Army disciplines officers and soldiers for handling of Vanessa Guillén's murder at Fort Hood

Vanessa Guillen, 20, vanished in April. Her remains were discovered June 30 in a shallow grave, according to family attorney Natalie Khawam. The US Army later positively identified the remains as Guillen. By Barbara Starr and Caroline Kelly, CNN

(CNN) -- More than a dozen Army officers and non-commissioned soldiers face disciplinary actions related to the response to Army Spc. Vanessa Guillén's disappearance and murder at Fort Hood, Texas, last year, according to the Army's fact-finding investigation released Friday.

The personnel face discipline for a variety of failures, and investigators found Guillén was also sexually harassed.

The chief investigating officer, Gen. Michael Garrett, ordered five current and former personnel in the 3rd Cavalry Regiment to be relieved of duty. Three of them will also receive letters of reprimand, and all actions are likely to end their careers. Their names are not made public due to their relatively junior ranks, under Army procedures. Eight others are having their cases sent to their own leadership for possible action.

Guillén's murder sparked national attention because she was not only killed by another soldier at Fort Hood, but the perpetrator took her body to another location miles away, and it was not discovered for more than two months. Guillén, 20, had been missing since April 2020 and was last seen in the parking lot of her barracks at Fort Hood late that month, according to the US Army Criminal Investigation Command, before her remains were found June 30. Her case sparked outrage at the Army's failure to fully deal initially with the sexual harassment she experienced and its lack of attention to her case once she was missing.

The report indicates that Guillén reported that she was sexually harassed on two occasions, but her supervisor failed to report it and other leaders failed to take appropriate action. The report found no evidence that she was harassed by Spc. Aaron Robinson, her alleged murderer.

Robinson allegedly murdered Guillén by bludgeoning her to death with a hammer while she was at work. The report also reveals that Army personnel tried to detain Robinson in a room on base by telling him he had violated Covid restrictions but that he simply escaped. He later died by suicide as law enforcement was trying to detain him.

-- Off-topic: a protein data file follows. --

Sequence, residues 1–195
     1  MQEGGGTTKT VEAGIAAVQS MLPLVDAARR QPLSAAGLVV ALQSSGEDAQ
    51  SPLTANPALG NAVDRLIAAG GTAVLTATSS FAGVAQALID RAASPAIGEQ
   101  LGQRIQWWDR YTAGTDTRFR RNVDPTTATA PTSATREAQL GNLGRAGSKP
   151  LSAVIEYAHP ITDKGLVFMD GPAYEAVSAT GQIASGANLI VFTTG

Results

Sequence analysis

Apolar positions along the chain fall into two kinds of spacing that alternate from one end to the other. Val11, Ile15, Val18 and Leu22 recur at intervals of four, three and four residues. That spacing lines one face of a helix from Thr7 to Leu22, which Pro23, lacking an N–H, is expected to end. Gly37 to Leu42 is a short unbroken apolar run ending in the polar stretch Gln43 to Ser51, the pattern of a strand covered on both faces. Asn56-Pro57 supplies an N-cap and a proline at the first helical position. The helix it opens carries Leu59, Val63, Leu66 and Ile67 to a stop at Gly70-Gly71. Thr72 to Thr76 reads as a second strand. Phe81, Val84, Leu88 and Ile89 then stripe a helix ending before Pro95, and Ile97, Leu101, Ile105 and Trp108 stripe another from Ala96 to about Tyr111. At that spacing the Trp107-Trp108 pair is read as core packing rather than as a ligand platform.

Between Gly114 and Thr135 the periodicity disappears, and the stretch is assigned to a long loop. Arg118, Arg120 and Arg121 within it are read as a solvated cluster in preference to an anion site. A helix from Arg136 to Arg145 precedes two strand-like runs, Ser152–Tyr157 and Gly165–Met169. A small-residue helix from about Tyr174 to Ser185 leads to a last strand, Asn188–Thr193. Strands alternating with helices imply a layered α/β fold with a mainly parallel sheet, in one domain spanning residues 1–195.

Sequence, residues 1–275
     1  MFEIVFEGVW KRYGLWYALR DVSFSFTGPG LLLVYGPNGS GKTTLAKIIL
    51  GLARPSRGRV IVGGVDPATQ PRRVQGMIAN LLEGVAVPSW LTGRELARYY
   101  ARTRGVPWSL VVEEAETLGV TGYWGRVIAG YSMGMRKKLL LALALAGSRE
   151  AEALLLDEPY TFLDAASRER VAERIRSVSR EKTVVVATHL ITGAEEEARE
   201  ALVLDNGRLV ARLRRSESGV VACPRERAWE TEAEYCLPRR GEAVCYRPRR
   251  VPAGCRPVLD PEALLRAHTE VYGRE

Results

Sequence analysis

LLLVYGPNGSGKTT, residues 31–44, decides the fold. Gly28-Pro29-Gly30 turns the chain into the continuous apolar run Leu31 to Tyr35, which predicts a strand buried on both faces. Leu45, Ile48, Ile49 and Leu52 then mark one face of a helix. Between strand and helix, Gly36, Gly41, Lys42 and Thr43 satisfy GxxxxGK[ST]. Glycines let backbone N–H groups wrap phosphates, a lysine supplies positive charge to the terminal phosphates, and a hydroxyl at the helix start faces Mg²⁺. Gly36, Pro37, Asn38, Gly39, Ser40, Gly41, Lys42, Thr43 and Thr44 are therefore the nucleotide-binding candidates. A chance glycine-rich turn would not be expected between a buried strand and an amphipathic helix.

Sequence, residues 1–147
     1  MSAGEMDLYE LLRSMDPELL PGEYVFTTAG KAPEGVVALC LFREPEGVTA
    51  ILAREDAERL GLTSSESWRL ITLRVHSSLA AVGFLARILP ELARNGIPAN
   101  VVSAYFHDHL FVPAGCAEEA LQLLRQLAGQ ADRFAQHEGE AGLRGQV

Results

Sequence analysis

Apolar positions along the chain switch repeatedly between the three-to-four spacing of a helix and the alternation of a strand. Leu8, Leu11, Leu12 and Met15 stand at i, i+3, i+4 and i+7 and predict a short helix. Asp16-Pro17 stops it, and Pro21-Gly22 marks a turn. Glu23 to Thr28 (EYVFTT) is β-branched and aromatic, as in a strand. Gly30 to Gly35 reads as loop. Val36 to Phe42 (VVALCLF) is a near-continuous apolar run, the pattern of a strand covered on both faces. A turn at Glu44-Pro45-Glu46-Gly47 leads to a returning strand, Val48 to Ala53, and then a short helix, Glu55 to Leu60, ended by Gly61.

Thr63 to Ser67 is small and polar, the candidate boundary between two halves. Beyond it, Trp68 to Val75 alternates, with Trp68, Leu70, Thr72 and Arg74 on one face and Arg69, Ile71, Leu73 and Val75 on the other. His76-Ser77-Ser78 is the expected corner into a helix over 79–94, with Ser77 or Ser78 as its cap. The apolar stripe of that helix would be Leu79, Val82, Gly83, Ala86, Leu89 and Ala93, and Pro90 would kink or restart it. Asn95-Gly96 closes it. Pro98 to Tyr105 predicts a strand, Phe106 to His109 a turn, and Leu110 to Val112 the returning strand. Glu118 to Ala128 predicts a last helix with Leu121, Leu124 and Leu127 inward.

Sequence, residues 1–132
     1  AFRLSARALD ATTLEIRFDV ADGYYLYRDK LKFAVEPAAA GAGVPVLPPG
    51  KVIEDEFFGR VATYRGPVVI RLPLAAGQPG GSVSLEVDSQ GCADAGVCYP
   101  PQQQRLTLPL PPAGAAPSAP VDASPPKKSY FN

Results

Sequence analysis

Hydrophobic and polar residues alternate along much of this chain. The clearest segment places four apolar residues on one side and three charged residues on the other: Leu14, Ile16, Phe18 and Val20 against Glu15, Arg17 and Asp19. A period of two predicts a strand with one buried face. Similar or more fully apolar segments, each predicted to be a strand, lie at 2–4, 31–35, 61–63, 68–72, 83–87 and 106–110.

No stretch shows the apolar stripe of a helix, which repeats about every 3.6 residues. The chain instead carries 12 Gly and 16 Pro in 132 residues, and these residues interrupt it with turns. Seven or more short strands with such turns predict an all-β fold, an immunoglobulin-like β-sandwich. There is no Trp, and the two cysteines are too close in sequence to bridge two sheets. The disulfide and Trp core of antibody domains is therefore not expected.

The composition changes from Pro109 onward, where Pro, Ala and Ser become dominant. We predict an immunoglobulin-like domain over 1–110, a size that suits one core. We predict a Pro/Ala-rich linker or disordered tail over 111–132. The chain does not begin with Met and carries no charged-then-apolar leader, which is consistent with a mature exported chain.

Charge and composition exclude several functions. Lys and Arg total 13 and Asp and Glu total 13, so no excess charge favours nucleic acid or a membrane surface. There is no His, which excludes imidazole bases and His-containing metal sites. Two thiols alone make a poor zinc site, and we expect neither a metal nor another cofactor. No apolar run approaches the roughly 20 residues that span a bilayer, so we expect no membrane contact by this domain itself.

The shockingly poor treatment Guillén received in the Army unrelated to her murder is perhaps encapsulated in two instances. The report found that her supervisor at one point specifically "targeted her, called her out in front of her peers, and consistently made an example out of her. During a field training exercise, this same supervisor encountered SPC Guillén while she performed personal hygiene in the wood line and SPC Guillén reported that this made her uncomfortable."

In another instance a supervisor made an inappropriate sexual comment in Spanish which she translated as a solicitation to participate in a threesome according to the report.

Friday's disciplinary action comes in addition to the previously announced relief of duty of members of Guillén's chain of command from junior through senior ranks.

The actions to date are against Maj. Gen. Scott Efflandt, former Deputy Commanding General of III Corps, and Col. Ralph Overland and Command Sgt. Maj. Bradley Knapp, the former commander and command sergeant major of 3rd Cavalry Regiment. The Army says a total of 21 people have either been disciplined or recommended for potential discipline.

Since this case, the Army and the Defense Department have focused extensively on trying to ensure allegations of sexual harassment and sexual assault are dealt with appropriately.

There is also a growing bipartisan effort on Capitol Hill to overhaul how military cases undergo decisions to seek prosecutions by taking away decisions to prosecute from the commanders in units where it occurs. This is widely seen by many as a key step to ensuring more independent decision making.

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